Three Examples of Hypothetical ATPs

December 2, 2018
Melissa Hanna-Brown

Melissa Hanna-Brown is external technology & collaborations lead at Pfizer.

,
Joachim Ermer

Joachim Ermer is head of Analytical Lifecycle Management Chemistry Frankfurt at Sanofi.

,
Stephanie Katzenbach

Stephanie Katzenbach is senior scientist, New Biological Entities, Analytical R&D at AbbVie.

,
Andy Rignall

Andy Rignall is product technical director at AstraZeneca.

,
Annick Gervais

Annick Gervais is director, Analytical Sciences Biologicals at UCB.

,
Jörg Hoffmann

Jörg Hoffmann is director, CMC Regulatory Compliance at Merck KGaA.

,
Kieran McLaughlin

Kieran McLaughlin is principal scientist at MSD.

,
Phil Borman

Phil Borman* is director, Product Development & Supply at GSK.

,
Oliver Grosche

Oliver Grosche is director, Collaborative Solutions at Elanco.

,
Peter Hamilton

Peter Hamilton is scientific leader at GSK.

,
Thomas Uhlich

Thomas Uhlich is laboratory head Analytical Development at Bayer.

,
Christof Finkler

Christof Finkler is Analytics Biochemistry site head at Roche.

,
Katrin Liebelt

Katrin Liebelt is analytical project leader at Novartis.

Pharmaceutical Technology, Pharmaceutical Technology-12-02-2018, Volume 42, Issue 12

Three hypothetical analytical target profiles (ATPs) are provided, reflecting the current thinking of the the European Federation of Pharmaceutical Industries and Associations Analytical Lifecycle Management Team.

Editor's note: Click here for the full version of the article.

Three hypothetical ATPs are provided in the following tables, reflecting the current thinking of the EFPIA Analytical Lifecycle Management Team. The ATPs are preceded by some background information to support the selected performance criteria and rationale. 

Example 1: Measurement of potency using a cell-based potency assay for a biological product

In addition to performing measurements of product CQAs, testing of potency is a unique feature of the release specification for biologics. Potency can be measured by in-vivo and in-vitro methodologies but is most often measured by in-vitro binding and cell-based bioassays.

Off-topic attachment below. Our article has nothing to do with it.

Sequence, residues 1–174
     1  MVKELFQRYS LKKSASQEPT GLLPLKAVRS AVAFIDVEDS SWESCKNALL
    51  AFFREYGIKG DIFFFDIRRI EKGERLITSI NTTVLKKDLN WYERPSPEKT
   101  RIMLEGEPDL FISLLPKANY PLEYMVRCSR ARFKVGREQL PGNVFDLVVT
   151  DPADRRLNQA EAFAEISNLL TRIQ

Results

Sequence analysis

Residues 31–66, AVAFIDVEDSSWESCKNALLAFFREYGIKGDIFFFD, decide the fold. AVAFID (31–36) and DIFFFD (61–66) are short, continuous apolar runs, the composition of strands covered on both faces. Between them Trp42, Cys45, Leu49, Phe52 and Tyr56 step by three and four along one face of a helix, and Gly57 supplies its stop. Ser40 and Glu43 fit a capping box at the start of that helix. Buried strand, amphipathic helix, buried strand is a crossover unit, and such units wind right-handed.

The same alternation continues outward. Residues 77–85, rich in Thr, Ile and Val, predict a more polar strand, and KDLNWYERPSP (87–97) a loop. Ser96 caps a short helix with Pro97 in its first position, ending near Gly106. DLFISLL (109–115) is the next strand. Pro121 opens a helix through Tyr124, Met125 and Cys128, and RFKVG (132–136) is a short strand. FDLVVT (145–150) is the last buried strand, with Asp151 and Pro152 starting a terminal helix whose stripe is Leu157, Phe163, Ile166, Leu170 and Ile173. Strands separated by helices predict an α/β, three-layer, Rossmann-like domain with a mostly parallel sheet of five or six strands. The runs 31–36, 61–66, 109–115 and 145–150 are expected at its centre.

Background and supporting information

A company is using a cell-based assay to measure the relative potency of a recombinant protein. The method is based on the mode of action of the drug and is used to measure the relative potency at release and during stability studies. The assay compares a test sample with a designated standard to provide a quantitative measurement of the bioactivity of the test relative to the standard. Prior to the development of a cell-based assay, the activity of the molecule was measured using a binding enzyme-linked immunosorbent assay (ELISA) method. This method will then be replaced by a cell-based assay that is more representative of the mode of action for Phase III studies. The proposed ATP could be applied to both the binding assay (e.g., ELISA) and the cell-based assay. One of the key aspects of the cell-based assay method is its specificity towards the molecule of interest and of the corresponding mechanism of action (i.e., signaling pathway). 

During development, forced degradation studies highlighted some modifications in the structure of the molecule as confirmed by physicochemical assays. The cell-based assay to be developed should be able to detect a change in the dose response curve parameters and/or a shift in potency upon forced degradation.

All performance characteristics are linked to the reportable results generated using the method.

Example 2: Measurement of high molecular weight species (HMWS) in a biological product